It is worth mentioning that Libya had acceded the Universal Declaration of Human Rights, and ratified the International Covenant on Economic, Social and Cultural Rights (ICESC), the International Covenant on Civil and Political Rights (ICCPR) and his optional protocol annexe, The Convention Against Torture, CIDAW and The Convention on the Rights of the Child.

The People’s Court

We can say that shar’iyya and civil courts still have the basic structures characterizing them prior to the first of September; for the three levels (criminal courts, courts first instance and courts of appeals) are still within the old specializations, even though the authorities have been specified and the persons’ option has been confiscated. Nomination of the Supreme Court are appointed by the General People’s Congress according to the Congress’s Law no. 6 of 1982. The General Popular Committee of Justice administratively supervises the judicial system. The Ministry of Justice and the Ministry of Home Security were merged into one ministry called: the Secretary of the General Popular Committee of Justice and Public Security in 1999. Thisarrangement, however, does not cover the public and political issues that are all referred to the People’s Courts or special military courts. Regarding the People’s Courts, we can compare this type of courts in Libya to the model of the Red Khmer and the People’s Court in Cambodia during the regime of Pol-Pot. This court, which belongs to the so-called "the exceptional courts" is basically characterized by deviating from the familiar rules that are adopted to realize the securities of just courts.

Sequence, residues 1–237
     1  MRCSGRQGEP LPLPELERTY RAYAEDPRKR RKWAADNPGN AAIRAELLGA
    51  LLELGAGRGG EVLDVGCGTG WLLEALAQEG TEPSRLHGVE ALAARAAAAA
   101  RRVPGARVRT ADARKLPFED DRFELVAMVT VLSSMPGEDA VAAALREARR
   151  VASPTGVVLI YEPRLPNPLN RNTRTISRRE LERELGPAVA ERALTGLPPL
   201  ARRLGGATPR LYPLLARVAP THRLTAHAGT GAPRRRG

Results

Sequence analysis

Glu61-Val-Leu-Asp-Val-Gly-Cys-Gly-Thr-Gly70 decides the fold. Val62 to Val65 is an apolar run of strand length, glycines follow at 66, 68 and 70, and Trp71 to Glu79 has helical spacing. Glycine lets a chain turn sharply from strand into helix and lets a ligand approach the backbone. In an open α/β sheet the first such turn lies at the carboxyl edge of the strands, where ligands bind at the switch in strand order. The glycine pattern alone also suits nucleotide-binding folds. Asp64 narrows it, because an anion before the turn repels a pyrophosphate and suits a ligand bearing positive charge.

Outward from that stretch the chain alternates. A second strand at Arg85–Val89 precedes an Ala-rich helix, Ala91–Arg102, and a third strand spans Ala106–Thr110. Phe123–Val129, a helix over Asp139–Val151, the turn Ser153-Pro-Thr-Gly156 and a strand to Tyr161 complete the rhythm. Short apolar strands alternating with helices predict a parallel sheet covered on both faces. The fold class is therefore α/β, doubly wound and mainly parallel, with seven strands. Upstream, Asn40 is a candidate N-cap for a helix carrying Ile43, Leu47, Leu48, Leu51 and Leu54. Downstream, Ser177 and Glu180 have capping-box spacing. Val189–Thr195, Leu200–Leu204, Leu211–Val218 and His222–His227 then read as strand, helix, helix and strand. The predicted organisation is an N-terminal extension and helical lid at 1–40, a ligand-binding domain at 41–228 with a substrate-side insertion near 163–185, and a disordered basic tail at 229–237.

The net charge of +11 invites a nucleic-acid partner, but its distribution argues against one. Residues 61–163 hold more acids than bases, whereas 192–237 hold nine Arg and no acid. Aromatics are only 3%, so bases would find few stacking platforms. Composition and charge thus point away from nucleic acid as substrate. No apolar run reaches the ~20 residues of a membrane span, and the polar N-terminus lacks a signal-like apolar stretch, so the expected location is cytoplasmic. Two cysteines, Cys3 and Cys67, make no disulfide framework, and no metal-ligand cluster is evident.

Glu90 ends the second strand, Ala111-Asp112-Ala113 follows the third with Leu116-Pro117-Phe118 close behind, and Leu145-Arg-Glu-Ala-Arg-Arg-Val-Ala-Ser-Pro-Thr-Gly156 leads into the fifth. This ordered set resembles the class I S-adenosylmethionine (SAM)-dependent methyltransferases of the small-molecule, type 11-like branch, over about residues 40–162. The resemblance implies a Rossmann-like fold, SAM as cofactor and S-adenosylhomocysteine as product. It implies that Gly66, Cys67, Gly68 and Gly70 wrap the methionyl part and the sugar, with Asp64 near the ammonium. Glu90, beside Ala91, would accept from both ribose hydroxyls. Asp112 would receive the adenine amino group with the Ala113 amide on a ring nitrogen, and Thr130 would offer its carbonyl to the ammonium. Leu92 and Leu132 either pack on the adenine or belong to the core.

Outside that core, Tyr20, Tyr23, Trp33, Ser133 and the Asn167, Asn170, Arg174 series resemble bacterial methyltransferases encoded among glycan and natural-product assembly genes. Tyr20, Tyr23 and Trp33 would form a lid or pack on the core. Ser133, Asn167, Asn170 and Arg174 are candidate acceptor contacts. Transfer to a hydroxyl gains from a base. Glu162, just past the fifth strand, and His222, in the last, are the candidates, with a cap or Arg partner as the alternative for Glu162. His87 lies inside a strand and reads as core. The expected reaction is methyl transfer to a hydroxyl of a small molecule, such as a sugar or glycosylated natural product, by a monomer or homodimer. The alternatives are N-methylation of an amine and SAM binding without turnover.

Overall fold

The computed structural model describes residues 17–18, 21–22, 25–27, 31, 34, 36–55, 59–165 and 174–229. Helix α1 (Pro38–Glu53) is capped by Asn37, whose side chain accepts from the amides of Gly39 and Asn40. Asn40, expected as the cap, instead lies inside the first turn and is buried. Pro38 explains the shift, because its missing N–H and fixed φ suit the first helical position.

The People’s Court was established by Law no 5 of 1988. The subsequent amendments of this law, particularly the one that was introduced by Law no 3 of 1997, however, have turned the court and its extension, the Department of Public Prosecutions--by virtue of its serious and important role in the investigation and presenting the case--into one of the devices of the regime and not a means of realizing justice. The People’s Court is blamed for its lack of impartiality, objectivity, and honesty for two reasons: